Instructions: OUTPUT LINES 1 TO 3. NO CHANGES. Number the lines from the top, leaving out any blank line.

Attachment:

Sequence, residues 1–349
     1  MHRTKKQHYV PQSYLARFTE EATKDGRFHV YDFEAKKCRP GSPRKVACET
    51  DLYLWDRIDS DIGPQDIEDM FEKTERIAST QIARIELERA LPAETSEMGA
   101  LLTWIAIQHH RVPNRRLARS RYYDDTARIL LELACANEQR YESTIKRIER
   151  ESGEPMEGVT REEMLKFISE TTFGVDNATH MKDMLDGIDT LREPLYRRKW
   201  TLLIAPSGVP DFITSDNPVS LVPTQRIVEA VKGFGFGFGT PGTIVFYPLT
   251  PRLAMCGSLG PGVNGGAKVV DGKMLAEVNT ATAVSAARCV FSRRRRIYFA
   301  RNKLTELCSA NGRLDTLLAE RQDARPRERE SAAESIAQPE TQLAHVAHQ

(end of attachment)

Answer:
Sequence, residues 1–349
     1  MHRTKKQHYV PQSYLARFTE EATKDGRFHV YDFEAKKCRP GSPRKVACET
    51  DLYLWDRIDS DIGPQDIEDM FEKTERIAST QIARIELERA LPAETSEMGA